lambda print, 2007; 440 x 1000 mm, edition 5

at the back of the island

lambda print, 2007; 330 x 600 mm, edition 9

Bella and Bloom

lambda print on matte, 2007; 220 x 300 mm, edition 9

blossom on the Dodder

lambda print on metallic paper, 2007; 610 x 1200 mm, edition 5

sirens’ dillisk

archival print on watercolor paper, 2007; 21.5 x 35 inches, edition 6

Coolmain Composition

lambda print, 2007; 1100 x 2000 mm, edition 3

fallen leaves

lambda print on metallic paper, 2007; 500 x 1000 mm, edition 5

Garrettstown Strand

lambda print, 2007; 700 x 1000 mm, edition 9

composition with fruit and leaves

lambda print on metallic paper, 2007; 160 x 200 mm, edition 9

passage and position

lambda print on metallic paper, 2007; 350 x 700 mm, edition 5

pilgrimage

archival print on watercolor paper, 2007; 18 x 35 inches, edition 6

Tattered Gorse

lambda print on metallic paper, 2007; 475 x 1200 mm, edition 5

Piazza (after Giacometti)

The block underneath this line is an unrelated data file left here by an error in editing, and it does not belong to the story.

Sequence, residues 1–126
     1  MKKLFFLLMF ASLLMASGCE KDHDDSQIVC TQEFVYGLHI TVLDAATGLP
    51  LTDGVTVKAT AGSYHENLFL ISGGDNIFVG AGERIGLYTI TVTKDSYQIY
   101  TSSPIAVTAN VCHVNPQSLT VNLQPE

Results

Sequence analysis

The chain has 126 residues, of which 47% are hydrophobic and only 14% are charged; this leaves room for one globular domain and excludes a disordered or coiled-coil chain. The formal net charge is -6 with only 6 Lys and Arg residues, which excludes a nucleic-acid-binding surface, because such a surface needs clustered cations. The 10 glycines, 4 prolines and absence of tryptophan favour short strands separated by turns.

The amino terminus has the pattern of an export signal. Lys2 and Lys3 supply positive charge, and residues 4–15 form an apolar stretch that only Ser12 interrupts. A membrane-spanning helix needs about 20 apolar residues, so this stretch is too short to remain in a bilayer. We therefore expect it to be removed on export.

lambda print, 2007; 310 x 700 mm, edition 9

tag and capture

lambda print, 2007; 445 x 1200 mm, edition 5

waiting

Landscapes and Icons

Landscapes and Icons
May – October 2007
Haydn Shaughnessy Gallery
Kinsale, West Cork, Ireland

Landscapes and Icons is a duo exhibition (alongside Paul LaRoque) with 14 new digital Compressionist prints. These were made through performative scans of the landscape in Dublin and West Cork, and published by the Haydn Shaughnessy Gallery.

Excerpts from the gallery’s press release:

“Nathaniel is a true innovator who has a remarkable artistic technique…. I’ve had the pleasure of watching him at work, performing his scans of the Irish landscape and making images none of us could have imagined. Here the human and machine are … collaboratively producing artworks of depth and complexity consistently.”

“They arrive through Nathaniel’s relationship with and understanding of the technology he uses and his … interpretation of the moments he spends in the company of his subjects. Something is happening here that I am sure we will one day reflect on and see as a pivotal moment in the history of technology and the image.”